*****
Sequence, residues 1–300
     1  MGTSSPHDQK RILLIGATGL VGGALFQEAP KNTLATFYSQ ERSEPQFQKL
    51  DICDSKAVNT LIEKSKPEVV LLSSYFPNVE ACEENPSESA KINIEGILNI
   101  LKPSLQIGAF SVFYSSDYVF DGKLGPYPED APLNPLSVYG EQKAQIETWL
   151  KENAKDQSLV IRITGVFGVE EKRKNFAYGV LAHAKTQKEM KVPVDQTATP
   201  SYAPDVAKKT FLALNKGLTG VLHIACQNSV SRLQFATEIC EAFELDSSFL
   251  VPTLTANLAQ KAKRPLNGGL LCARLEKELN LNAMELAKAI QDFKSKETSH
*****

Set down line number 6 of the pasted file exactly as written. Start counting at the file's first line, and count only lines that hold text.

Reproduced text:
   201  SYAPDVAKKT FLALNKGLTG VLHIACQNSV SRLQFATEIC EAFELDSSFL